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This article was published 16/1/2013 (1376 days ago), so information in it may no longer be current.
PHILADELPHIA -- In the end, Chip Kelly chose the NFL, giving the Eagles their guy.
Philadelphia hired Kelly on Wednesday, just 10 days after he decided to stay at Oregon. The 49-year-old Kelly, known as an offensive innovator, becomes the 21st coach in team history and replaces Andy Reid, who was fired on Dec. 31 after a 4-12 season.
He'll be introduced at a news conference Thursday at 1:30 p.m. at the Eagles' practice facility.
Kelly, who was 46-7 in four years at Oregon, interviewed with the Eagles, Cleveland Browns and Buffalo Bills in a two-day span after leading the fast-flying No. 2 Ducks to a victory over Kansas State in the Fiesta Bowl on Jan. 3.
The Eagles are known to have interviewed 11 candidates, including two meetings with Seahawks defensive co-ordinator Gus Bradley. All along, Kelly was thought to be Philadelphia's first choice in a long, exhaustive process that took many twists.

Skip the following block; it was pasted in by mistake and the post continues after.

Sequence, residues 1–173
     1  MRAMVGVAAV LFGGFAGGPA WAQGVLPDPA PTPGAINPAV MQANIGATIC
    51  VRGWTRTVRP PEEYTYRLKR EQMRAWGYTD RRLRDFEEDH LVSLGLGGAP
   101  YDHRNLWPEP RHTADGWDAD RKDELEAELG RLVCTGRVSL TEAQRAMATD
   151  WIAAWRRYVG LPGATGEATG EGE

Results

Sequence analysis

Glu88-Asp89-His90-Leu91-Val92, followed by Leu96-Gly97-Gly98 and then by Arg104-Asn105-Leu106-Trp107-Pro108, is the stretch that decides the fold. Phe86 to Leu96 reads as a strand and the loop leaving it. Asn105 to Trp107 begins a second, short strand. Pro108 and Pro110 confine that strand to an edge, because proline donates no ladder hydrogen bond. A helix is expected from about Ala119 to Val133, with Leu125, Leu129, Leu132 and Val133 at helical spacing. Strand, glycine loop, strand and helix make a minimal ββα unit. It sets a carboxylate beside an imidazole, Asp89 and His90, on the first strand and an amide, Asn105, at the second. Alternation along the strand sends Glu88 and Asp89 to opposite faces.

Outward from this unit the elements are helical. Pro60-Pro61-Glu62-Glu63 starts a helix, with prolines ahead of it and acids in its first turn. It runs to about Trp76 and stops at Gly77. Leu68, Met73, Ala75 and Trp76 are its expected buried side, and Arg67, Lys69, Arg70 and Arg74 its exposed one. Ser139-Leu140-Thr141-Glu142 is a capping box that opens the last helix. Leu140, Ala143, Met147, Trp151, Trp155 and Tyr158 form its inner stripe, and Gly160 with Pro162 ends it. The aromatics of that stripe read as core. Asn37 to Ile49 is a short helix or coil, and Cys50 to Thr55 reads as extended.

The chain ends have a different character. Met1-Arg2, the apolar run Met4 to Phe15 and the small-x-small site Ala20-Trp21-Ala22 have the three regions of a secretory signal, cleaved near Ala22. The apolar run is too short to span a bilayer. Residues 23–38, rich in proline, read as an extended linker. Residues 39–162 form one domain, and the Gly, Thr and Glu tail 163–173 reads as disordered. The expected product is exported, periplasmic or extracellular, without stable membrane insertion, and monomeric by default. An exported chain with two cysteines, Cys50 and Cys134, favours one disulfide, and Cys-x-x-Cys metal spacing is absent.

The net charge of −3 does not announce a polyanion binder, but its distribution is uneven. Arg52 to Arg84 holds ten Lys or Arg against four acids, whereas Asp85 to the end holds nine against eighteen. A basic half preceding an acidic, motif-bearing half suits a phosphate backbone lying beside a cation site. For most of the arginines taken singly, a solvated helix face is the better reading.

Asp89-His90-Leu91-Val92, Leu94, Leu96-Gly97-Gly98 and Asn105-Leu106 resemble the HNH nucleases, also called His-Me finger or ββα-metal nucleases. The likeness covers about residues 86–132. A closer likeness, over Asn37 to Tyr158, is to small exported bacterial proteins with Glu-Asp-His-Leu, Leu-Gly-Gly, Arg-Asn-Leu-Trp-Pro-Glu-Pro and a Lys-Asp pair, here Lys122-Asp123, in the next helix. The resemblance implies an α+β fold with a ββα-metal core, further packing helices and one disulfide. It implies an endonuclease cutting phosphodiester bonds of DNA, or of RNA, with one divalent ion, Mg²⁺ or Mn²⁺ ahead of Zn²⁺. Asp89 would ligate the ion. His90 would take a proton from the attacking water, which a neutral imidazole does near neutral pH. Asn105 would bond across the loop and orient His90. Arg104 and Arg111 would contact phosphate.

"Chip Kelly will be an outstanding head coach for the Eagles," owner Jeffrey Lurie said in a statement. "He has a brilliant football mind. He motivates his team with his actions as well as his words. He will be a great leader for us and will bring a fresh energetic approach to our team."
On the day he fired Reid, Lurie appeared to be describing Kelly when he said he wanted to find a "real smart, forward-thinking coach" who is "strategic, a strong leader, very comfortable in his own skin."
The enigmatic Kelly reportedly was close to signing with the Browns after a long interview on Jan. 4. He met with the Eagles for nine hours the next day, setting up a soap-opera scenario in which the Eagles were competing with Browns CEO Joe Banner, their former president and longtime friend of Lurie who left the organization after a falling out.
But that roller coaster ended when Kelly opted to remain -- temporarily -- in Eugene, Ore. At the time, it was the second straight year Kelly had entertained overtures from NFL teams only to reject them.
-- The Associated Press